The Journal of Arthroplasty, Volume 34, Issue 11, 2711 - 2717

Hybrid Fixation for Total Hip Arthroplasty Showed Improved Survival Over Cemented and Uncemented Fixation: A Single-Center Survival Analysis of 2156 Hips at 12-18 Years

Fowler, Anna-Kate et al.


Despite increased use of uncemented and hybrid fixation, there is little evidence of their superiority over cemented implants. The aim of this study is to compare the long-term survivorship of cemented, hybrid and uncemented total hip arthroplasty (THA) at varying ages.


A total of 2156 hips (1315 cemented, 324 uncemented, and 517 hybrid) were performed in a single center between 1999 and 2005 with follow-up through to 2017. Registry and local databases were used to determine revision rates and cause. Unadjusted and adjusted competing risk survival analysis was performed.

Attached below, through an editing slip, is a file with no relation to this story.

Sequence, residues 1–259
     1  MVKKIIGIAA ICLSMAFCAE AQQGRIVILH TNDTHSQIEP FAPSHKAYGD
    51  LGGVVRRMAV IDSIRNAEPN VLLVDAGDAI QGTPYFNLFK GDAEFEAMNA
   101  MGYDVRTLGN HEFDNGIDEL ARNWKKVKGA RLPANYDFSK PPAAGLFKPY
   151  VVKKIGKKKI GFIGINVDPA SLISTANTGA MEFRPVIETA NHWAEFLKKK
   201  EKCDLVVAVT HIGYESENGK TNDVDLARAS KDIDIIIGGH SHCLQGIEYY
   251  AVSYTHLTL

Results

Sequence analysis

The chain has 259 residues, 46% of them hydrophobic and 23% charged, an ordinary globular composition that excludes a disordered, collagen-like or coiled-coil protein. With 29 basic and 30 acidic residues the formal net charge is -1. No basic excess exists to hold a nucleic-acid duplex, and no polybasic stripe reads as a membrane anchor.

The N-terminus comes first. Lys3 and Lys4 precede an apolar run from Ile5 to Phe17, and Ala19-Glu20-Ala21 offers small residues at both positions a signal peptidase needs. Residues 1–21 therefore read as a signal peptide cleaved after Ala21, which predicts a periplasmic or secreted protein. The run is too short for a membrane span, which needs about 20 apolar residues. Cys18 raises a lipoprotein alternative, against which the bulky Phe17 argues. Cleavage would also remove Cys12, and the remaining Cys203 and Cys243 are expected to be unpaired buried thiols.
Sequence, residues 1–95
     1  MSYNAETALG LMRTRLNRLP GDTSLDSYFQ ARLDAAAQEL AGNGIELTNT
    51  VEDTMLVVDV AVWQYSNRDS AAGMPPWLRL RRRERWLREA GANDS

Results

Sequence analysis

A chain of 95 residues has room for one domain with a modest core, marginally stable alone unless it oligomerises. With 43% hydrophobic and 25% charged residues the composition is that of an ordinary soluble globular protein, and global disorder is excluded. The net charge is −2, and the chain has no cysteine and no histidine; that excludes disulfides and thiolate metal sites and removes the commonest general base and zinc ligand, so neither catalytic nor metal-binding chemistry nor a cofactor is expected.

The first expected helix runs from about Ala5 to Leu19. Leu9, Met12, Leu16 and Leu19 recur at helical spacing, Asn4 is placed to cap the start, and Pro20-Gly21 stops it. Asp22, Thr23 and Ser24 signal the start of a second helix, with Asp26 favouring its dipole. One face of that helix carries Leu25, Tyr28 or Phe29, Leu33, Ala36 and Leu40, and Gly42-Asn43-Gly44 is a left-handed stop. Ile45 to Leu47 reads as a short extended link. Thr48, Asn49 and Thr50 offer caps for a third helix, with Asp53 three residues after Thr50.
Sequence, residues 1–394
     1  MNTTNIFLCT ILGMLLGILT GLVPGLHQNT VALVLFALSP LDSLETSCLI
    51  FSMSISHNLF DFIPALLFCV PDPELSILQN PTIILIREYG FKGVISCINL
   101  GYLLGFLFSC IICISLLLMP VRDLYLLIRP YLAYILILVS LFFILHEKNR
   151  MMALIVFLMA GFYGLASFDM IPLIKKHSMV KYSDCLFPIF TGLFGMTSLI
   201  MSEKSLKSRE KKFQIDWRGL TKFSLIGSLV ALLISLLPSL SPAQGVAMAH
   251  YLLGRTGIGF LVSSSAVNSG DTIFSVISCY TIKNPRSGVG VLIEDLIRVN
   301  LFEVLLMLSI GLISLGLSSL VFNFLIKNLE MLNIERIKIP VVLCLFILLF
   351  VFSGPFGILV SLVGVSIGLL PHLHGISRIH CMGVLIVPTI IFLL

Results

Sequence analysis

The cumulative incidence of all-cause revision at 18 years was cemented 10.9%, uncemented 8.9%, and hybrid 6.5%. Cemented fixation had a statistically significant higher risk of all-cause revision than hybrid in the adjusted model for all ages to 65 years (subhazard ratios [SHRs], 2.28-4.67) and a higher risk of revision for loosening, wear, or osteolysis at all ages (SHRs, 3.25-6.07). Uncemented fixation showed no advantage over hybrid fixation at any age, but did show advantages over cemented at younger ages (≤60 years) for all-cause revision (SHRs, 2.3-4.3).


Hybrid fixation with conventional polyethylene shows an advantage over cemented hips at all ages. Uncemented THA showed improved survival over cemented only at younger ages and no advantage over hybrid THA.

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